It didn’t happen over night. The ABA would continue for another half decade, until August 5, 1976. That’s the day the National Basketball Association (NBA) merged with its rival, the American Basketball Association (ABA), and took on the ABA’s four most successful franchises: the Denver Nuggets, the Indiana Pacers, the New York (later New Jersey) Nets and the San Antonio Spurs. The Virginia Squires, one of the three dissolving ABA clubs, went bankrupt prior to the merger and received a small financial franchise buy-out sum. as total compensation The Kentucky Colonels settled for a much larger total buyout sum of $3.2 million dollars.

The third and last dissolving ABA franchise, the St. Louis Spirits negotiated a spiritually inspired arrangement. The Spirits negotiated a buyout lump sum of only $2.2 million dollars, but were also able to add on a 1/7 interest payment from all the four merging ABA clubs annually on their future incomes from television in perpetuity. To date, the former Spirits club owners have received more than $168 million dollars from the NBA. The NBA’s periodic attempts to buy them out of the merger deal are invariably, but nicely refused, presumably with a Cheshire Cat smile about five miles wide .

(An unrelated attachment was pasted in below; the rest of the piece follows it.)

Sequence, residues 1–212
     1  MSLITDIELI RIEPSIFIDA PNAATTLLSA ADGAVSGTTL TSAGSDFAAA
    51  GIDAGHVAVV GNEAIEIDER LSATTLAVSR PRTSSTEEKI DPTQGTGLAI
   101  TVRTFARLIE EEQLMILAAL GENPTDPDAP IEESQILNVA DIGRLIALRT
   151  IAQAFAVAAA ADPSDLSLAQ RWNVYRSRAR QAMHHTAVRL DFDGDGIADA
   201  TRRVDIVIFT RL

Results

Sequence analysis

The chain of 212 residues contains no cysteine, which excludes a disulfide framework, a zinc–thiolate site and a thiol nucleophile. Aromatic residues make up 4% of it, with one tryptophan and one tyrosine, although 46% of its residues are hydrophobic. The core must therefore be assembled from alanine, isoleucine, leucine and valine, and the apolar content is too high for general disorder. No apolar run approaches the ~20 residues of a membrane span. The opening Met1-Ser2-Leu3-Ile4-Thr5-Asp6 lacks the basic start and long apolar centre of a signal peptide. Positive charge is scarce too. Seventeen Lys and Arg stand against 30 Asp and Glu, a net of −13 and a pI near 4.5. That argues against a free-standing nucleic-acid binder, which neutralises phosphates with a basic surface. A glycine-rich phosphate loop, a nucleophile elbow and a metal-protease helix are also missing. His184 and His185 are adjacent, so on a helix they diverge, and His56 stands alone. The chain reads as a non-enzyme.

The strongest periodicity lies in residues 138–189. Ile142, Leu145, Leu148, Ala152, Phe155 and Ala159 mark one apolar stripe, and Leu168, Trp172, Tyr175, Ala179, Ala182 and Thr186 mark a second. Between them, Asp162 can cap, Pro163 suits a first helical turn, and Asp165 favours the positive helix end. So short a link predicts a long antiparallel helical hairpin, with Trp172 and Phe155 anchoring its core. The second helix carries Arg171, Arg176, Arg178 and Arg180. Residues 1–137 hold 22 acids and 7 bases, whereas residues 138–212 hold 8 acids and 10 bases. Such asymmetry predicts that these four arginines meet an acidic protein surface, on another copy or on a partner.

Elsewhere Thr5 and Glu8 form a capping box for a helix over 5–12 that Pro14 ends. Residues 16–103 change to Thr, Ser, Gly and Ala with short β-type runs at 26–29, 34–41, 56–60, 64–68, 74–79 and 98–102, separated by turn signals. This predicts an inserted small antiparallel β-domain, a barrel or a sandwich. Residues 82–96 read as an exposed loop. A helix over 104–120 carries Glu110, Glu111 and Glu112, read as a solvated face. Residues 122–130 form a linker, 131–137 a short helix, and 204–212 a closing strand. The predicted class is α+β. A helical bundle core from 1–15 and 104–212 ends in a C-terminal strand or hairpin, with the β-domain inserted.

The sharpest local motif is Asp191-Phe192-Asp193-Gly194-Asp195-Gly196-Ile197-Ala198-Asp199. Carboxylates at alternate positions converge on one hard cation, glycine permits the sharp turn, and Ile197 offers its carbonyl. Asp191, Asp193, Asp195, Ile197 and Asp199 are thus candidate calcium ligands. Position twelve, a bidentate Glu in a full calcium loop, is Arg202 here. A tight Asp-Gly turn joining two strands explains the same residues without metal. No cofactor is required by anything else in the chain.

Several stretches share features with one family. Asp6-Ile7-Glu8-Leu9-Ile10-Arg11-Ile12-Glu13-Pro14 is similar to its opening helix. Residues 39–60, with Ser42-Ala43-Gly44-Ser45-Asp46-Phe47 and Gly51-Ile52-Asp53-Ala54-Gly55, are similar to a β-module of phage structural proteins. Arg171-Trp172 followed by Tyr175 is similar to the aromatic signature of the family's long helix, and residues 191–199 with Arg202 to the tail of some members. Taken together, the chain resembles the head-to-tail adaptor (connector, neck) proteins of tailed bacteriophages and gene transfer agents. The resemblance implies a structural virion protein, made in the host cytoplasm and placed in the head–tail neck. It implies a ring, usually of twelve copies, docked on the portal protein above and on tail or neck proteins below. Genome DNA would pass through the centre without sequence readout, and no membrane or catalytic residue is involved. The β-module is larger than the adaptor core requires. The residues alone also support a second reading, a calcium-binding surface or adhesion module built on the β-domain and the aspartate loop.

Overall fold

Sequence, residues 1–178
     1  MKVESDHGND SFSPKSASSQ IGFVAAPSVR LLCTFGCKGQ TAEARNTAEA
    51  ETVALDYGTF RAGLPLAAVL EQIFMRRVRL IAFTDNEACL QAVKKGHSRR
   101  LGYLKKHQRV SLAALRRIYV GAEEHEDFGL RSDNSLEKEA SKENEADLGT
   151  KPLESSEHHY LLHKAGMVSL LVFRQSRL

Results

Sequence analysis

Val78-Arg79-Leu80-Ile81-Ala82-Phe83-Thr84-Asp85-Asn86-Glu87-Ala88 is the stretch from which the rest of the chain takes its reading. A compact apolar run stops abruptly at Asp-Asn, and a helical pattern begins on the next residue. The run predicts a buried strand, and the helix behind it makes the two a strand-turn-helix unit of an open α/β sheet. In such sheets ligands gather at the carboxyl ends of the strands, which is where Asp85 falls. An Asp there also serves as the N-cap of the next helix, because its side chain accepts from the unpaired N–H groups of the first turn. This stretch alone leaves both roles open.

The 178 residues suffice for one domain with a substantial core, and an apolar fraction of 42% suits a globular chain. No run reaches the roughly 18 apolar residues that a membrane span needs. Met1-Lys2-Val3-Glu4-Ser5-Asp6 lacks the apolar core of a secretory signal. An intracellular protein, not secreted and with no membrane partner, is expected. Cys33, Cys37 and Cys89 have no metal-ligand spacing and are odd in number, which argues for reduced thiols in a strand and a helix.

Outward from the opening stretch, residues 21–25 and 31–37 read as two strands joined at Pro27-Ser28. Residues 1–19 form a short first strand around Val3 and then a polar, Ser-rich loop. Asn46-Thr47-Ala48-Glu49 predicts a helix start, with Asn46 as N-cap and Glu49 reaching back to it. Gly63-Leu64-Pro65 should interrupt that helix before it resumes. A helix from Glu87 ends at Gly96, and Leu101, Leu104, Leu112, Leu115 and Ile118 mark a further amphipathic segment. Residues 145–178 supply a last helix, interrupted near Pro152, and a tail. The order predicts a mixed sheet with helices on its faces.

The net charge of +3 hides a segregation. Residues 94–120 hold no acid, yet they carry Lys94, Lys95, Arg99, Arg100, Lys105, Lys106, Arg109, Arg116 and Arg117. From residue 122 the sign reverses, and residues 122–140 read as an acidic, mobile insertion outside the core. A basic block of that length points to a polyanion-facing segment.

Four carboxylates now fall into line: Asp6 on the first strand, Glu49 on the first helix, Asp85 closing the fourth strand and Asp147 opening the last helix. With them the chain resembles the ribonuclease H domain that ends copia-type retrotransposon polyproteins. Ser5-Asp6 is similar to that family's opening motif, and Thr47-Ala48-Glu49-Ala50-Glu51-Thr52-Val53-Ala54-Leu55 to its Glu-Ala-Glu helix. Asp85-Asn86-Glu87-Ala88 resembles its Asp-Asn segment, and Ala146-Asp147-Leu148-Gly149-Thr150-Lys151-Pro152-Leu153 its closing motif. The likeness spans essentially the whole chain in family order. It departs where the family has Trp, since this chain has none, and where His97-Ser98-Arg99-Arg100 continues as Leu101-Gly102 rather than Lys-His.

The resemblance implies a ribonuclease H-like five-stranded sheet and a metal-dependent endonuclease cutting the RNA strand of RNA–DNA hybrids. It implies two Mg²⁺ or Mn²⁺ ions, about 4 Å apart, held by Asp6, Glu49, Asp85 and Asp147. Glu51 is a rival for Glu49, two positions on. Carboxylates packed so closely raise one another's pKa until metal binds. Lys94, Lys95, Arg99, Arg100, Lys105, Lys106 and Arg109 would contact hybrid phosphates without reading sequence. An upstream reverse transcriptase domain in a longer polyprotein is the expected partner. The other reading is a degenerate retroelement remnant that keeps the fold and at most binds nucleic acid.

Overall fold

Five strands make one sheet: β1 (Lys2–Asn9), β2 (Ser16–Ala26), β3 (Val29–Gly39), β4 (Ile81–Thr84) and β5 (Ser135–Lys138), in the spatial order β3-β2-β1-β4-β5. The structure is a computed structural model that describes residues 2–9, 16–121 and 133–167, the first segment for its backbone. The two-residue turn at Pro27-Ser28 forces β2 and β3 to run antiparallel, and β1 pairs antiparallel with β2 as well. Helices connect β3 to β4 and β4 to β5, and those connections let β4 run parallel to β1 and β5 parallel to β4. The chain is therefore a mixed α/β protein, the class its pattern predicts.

St. Louis Spirits Residual TV Money Income To Date ….

By the way, in case you are wondering, here’ s the math ….

$ 168,000,000 times a 1/7th  share (0.14285714286 %)

= $ 25,428,571.43 ….

an aggregate sum that is an ongoing, building thing, from here to eternity.

I guess it simply shows how little the professional sports industry still understood in the mind-1970s about how valuable their TV revenues were going to be to the total future revenue picture.

____________________


Bill McCurdy

Publisher, Editor, Writer

The Pecan Park Eagle

Houston, Texas

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2 Responses to “1971: NBA-ABA Players Plan All Star Game”

  1. Wayne A Chandler Says:

    Bill, I think we all were disappointed at the attendance, but we really didn’t have much help in a short promotion period, I think everyone recognized he high calibre of play in both leagues. It was the first time that I had been this close to so many future BB Hall of Famers.
    I remember still thinking that pro basketball was a long way from making it big in Houston.

  2. Doug S. Says:

    I have always loved the story of how the Spirits of St. Louis owners the Silna Brothers (Ozzie and Daniel) were the biggest winners of the merger.